The Ketogenic Diet as a Treatment for Metabolic Syndrome

Metabolic Syndrome (MetS) can be viewed as a set of symptoms of insulin resistance. Taken together, those symptoms signify a threat of heart disease, diabetes, cancer, and other diseases that appear to be different manifestations of a common cause. That common cause is likely to be insulin resistance.

This hypothesis is supported by evidence that ketogenic diets not only normalize insulin sensitivity and the symptoms of MetS, but they treat (or have promise in treating) many MetS-associated diseases.

In light of this, it seems plausible that adopting a ketogenic diet will significantly improve your chances of avoiding these diseases in the first place.

In brief

  • Metabolic Syndrome is a cluster of symptoms, not a disease. Those symptoms are useful to class together, because their association with a variety of different diseases strongly suggests a common cause. In other words, it has provided us with a compelling hypothesis.
  • If there were a common cause, then a therapy that treats that cause should help them all. Moreover, it should reduce the symptoms of Metabolic Syndrome itself. Further, treatments that work for one but not the others should be considered inferior, “band-aid” treatments.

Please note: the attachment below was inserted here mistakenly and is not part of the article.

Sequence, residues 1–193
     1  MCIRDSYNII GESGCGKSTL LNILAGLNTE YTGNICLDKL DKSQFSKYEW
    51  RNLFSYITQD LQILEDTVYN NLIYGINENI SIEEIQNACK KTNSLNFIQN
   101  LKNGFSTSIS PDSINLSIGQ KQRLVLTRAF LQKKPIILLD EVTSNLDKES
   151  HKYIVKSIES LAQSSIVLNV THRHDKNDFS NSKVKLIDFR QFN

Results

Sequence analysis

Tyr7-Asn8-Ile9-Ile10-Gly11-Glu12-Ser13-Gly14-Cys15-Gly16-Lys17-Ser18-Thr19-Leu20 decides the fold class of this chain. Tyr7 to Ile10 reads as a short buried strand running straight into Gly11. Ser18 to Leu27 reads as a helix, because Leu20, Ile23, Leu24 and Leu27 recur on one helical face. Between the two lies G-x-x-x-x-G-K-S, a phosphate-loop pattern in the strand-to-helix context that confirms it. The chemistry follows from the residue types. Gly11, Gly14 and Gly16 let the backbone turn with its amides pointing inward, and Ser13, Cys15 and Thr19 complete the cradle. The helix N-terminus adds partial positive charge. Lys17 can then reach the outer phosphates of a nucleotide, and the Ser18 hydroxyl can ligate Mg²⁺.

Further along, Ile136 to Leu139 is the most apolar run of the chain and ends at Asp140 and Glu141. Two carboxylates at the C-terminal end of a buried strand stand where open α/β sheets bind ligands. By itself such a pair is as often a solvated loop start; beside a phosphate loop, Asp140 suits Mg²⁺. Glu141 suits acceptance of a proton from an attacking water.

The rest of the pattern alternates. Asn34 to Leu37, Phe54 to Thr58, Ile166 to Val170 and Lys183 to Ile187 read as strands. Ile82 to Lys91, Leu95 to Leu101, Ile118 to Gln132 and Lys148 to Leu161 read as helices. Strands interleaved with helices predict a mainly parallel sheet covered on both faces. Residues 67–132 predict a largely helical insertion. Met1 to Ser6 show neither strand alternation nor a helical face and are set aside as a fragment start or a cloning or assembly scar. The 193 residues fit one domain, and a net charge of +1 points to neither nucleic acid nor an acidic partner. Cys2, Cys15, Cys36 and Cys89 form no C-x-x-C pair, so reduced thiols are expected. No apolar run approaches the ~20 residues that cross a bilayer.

• A ketogenic diet improves Metabolic Syndrome. Also, for every disease associated with MetS that we have investigated, a keto diet has either been shown to help, has shown preliminary evidence in its favour, or has not been sufficiently tested to rule out.
  • This supports the hypothesis that those diseases have a common cause, and that a ketogenic diet addresses it.

What is Metabolic Syndrome?

Metabolic Syndrome is a cluster of symptoms that commonly occur together and indicate increased risk of cardiovascular disease (CVD), type 2 diabetes (T2D), cancer, and other diseases. Clinically, to be diagnosed with MetS, you have to score above (or in the case of HDL, below) a healthy threshold in at least 3 of the following 5 measurements: waist size, fasting blood glucose, blood pressure, triglycerides, and HDL. All of these are associated with insulin resistance, although some are more predictive than others [1, 2, 3] , and so metabolic syndrome might be more accurately described as insulin resistance syndrome (and it sometimes is) [4, 5].